3. Save snapshots of Whois records – When I come across a domain that interests me either to inquire about purchasing, or reaching out to for an interview, I take a quick snapshot of the screen to contact them later.
  4. Keep snapshots of pages I like – If I see a website that I think has a great look or a unique concept behind it, I’ll take a quick snapshot of it and save it off for future reference.  Evernote automatically saves the URL along with the image on the note so you can always find your way back to it.
  5. Sample Emails – I also use Evernote to store the sales email I use to send out to prospects, and the list of prospects I contacted as well.  This helps me avoid sending to the same person more than once if the domain doesn’t sell the first time around.  Keeping the email in Evernote allows me to modify my writing style and hone in on which email verbiage is most effective.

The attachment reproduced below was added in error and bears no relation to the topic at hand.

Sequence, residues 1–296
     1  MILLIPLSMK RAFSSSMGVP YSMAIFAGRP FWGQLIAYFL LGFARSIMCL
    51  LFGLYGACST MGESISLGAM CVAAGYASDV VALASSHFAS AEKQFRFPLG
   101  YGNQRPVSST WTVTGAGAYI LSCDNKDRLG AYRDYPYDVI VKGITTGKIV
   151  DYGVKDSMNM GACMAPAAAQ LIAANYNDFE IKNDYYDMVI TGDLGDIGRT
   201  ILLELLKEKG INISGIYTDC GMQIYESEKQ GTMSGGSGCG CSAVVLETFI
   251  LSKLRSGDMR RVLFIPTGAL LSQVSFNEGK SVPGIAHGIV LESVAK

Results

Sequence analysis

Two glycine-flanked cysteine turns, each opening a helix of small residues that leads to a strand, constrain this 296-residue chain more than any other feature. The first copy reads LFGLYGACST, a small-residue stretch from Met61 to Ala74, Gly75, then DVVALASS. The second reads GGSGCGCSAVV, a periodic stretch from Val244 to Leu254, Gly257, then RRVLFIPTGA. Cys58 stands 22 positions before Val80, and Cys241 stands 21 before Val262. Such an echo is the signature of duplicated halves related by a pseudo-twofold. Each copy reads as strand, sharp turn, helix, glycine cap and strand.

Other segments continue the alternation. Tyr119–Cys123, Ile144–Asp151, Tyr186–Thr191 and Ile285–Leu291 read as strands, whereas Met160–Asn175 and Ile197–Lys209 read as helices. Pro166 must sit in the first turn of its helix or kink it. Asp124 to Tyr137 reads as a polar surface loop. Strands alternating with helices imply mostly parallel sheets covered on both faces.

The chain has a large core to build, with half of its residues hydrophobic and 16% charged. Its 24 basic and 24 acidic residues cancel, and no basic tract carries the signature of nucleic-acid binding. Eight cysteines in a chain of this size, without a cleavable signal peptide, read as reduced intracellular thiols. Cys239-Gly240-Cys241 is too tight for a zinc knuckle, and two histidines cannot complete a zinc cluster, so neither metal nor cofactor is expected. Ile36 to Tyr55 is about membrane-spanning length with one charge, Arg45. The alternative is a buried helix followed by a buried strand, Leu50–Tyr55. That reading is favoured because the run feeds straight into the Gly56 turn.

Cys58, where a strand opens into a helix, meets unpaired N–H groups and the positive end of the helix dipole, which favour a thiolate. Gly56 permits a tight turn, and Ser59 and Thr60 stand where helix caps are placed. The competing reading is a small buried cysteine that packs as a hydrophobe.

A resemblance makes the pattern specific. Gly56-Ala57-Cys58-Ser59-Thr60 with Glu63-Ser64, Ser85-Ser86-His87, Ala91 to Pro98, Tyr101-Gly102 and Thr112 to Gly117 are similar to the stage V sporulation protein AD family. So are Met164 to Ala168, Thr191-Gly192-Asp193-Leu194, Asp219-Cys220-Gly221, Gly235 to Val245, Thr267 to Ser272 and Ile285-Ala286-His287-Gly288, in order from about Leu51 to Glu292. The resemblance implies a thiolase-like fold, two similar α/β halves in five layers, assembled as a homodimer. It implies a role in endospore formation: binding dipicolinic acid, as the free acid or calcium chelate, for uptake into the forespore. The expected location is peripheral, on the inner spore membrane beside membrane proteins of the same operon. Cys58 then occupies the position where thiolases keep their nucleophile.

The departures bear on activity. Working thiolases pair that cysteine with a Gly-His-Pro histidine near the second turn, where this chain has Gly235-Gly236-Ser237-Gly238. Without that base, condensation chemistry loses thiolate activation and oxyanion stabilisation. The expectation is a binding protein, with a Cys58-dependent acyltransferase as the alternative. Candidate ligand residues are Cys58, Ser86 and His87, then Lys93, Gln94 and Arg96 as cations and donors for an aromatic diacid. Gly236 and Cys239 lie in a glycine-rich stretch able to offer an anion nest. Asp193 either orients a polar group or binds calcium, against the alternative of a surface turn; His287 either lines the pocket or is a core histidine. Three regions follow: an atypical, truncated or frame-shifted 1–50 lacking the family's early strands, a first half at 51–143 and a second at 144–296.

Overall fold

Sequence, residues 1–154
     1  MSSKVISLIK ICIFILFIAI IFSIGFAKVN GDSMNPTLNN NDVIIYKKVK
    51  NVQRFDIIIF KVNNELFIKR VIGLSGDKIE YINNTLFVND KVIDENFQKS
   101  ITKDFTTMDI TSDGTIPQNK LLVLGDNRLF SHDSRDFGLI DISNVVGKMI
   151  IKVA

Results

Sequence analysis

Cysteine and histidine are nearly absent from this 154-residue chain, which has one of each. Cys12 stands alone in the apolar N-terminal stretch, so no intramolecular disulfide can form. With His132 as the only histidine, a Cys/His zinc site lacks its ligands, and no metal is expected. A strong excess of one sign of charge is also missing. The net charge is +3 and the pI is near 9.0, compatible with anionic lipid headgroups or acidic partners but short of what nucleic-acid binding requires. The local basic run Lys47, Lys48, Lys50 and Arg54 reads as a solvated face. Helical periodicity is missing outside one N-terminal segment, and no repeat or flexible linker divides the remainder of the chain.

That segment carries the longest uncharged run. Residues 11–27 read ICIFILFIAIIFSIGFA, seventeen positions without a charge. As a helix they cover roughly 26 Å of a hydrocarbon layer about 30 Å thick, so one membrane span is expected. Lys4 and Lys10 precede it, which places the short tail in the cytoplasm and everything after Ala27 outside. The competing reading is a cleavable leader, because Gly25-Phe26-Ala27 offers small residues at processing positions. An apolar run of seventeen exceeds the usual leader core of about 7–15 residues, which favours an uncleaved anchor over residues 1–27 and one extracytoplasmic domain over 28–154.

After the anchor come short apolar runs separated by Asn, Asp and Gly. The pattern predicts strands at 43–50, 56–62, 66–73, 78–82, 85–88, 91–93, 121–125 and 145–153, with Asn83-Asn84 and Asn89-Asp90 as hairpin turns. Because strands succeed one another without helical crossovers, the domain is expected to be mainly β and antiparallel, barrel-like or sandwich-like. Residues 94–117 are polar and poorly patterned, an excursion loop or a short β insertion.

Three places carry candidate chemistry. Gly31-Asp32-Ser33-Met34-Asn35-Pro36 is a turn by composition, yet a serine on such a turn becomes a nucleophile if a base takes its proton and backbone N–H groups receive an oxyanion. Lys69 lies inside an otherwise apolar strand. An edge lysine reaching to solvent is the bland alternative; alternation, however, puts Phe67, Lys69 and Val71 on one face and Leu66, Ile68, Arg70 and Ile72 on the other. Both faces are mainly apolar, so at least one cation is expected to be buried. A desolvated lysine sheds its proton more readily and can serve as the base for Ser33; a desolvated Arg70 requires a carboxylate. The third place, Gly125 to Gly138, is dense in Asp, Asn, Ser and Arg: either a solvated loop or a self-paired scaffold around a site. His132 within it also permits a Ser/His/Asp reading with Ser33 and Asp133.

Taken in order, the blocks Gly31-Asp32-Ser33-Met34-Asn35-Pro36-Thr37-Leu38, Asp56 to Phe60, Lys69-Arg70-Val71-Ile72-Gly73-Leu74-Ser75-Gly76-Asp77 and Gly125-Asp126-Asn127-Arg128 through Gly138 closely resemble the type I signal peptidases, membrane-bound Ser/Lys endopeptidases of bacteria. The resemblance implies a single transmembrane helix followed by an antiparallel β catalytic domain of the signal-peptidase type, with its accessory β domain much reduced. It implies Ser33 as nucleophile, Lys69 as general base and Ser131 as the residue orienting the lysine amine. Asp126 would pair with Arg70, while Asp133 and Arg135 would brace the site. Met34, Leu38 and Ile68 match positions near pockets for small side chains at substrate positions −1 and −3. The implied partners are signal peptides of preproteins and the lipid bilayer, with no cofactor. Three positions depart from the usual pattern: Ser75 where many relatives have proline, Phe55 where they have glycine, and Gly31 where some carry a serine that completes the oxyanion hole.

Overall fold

6. Access information from anywhere – This is one of the most important reasons.  Evernote resides on your pc or Mac as an application.  But you can access it from the web anywhere you happen to be.  Have an iPhone or iPad?  Then you can also access it from those with excellent apps.  Blackberry has an app too, but I’m not too fond of that one.  I can pull up files on my pc, iPhone, my friends Mac, or a client’s pc if I need to.  So convenient.

There are so many other features (like hand writing recognition, voice notes) and uses (storing photos, mp3s, code snippets) that I could probably write a full book on it, but I won’t.  Try it out and I’m pretty sure you’re going to like it.